What are the symptoms of acute pancreatitis?
Acute pancreatitis generally starts with a pain in the upper abdomen. The pain can be severe, radiate to the back and may last for several days. Relief of pain by sitting up and bending forward is characteristic of pancreatic pain. The pain is often accompanied by nausea and vomiting. Other symptoms include diarrhea, bloating and fever.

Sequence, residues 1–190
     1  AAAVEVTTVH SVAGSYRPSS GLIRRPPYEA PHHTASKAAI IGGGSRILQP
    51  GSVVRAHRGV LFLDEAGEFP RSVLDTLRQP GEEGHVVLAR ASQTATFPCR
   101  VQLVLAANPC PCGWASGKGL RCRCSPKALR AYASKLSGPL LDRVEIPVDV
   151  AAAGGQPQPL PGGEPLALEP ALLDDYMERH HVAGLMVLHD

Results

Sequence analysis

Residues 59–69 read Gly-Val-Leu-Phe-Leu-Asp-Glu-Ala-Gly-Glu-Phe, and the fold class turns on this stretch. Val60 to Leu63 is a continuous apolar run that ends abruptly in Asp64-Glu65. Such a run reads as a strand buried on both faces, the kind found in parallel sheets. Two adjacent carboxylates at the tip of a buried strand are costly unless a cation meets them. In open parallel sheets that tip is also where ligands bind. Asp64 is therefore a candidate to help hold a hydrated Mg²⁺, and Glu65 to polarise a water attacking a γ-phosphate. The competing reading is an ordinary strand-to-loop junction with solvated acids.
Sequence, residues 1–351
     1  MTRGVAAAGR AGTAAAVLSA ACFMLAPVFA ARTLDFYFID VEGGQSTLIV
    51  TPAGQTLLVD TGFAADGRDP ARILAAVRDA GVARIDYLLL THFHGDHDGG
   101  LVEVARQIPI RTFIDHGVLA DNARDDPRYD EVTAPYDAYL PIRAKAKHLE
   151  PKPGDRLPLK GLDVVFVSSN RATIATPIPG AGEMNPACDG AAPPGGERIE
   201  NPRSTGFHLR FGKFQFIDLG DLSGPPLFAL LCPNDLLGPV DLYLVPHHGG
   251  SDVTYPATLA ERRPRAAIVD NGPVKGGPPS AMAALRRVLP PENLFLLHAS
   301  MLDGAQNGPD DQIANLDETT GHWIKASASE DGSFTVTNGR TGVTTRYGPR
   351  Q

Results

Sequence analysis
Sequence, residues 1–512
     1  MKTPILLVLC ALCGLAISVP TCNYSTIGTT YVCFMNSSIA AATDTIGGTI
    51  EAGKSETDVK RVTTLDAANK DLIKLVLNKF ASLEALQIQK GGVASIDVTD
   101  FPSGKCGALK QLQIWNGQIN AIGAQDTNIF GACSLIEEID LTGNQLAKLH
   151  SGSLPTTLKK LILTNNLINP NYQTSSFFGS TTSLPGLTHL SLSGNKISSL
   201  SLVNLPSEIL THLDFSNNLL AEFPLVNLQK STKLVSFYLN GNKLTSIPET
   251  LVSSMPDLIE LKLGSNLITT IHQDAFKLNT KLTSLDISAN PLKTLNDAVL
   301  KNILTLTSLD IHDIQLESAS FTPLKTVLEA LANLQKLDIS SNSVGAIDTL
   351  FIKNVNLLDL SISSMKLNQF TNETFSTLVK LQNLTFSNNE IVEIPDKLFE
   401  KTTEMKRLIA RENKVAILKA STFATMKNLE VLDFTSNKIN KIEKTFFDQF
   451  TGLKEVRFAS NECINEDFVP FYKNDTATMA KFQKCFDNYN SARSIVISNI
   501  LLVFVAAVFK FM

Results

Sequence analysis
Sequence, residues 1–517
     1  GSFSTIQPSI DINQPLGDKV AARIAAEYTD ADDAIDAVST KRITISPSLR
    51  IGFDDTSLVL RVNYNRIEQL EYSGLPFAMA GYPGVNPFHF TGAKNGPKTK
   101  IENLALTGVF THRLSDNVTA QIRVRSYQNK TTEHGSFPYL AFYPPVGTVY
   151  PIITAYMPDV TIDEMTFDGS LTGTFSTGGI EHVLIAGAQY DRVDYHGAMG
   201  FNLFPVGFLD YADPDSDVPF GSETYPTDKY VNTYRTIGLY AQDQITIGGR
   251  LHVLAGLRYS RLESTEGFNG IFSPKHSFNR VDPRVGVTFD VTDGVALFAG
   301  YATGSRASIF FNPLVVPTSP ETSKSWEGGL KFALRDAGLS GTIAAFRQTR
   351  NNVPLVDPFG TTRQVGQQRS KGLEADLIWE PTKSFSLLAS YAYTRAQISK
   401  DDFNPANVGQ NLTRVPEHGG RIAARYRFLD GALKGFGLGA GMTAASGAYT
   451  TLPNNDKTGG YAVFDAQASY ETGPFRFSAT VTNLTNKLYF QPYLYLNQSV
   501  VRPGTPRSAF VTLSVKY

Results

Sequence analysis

The pain can become severe and is typically felt spreading through to the back. Coughing, vigorous movement, and deep breathing may worsen the pain; sitting upright and leaning forward may provide some relief. Most people feel nauseated and have to vomit, sometimes to the point of dry heaves—retching without producing any vomit. Often, even large doses of an injected opioid analgesic do not relieve pain completely. People with severe inflammation often feel and look very sick, and they frequently experience nausea and vomiting. Other signs and symptoms may include a high fever, difficulty breathing and abdominal bruises from internal bleeding.